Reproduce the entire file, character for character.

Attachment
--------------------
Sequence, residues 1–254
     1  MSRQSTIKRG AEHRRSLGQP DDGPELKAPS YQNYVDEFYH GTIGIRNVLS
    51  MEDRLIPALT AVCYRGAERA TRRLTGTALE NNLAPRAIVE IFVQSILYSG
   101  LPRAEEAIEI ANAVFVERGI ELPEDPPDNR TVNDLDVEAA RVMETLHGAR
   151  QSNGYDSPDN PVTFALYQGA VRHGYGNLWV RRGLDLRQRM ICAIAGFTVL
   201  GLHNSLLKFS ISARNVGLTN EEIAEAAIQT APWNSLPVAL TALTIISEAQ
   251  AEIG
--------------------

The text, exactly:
Sequence, residues 1–254
     1  MSRQSTIKRG AEHRRSLGQP DDGPELKAPS YQNYVDEFYH GTIGIRNVLS
    51  MEDRLIPALT AVCYRGAERA TRRLTGTALE NNLAPRAIVE IFVQSILYSG
   101  LPRAEEAIEI ANAVFVERGI ELPEDPPDNR TVNDLDVEAA RVMETLHGAR
   151  QSNGYDSPDN PVTFALYQGA VRHGYGNLWV RRGLDLRQRM ICAIAGFTVL
   201  GLHNSLLKFS ISARNVGLTN EEIAEAAIQT APWNSLPVAL TALTIISEAQ
   251  AEIG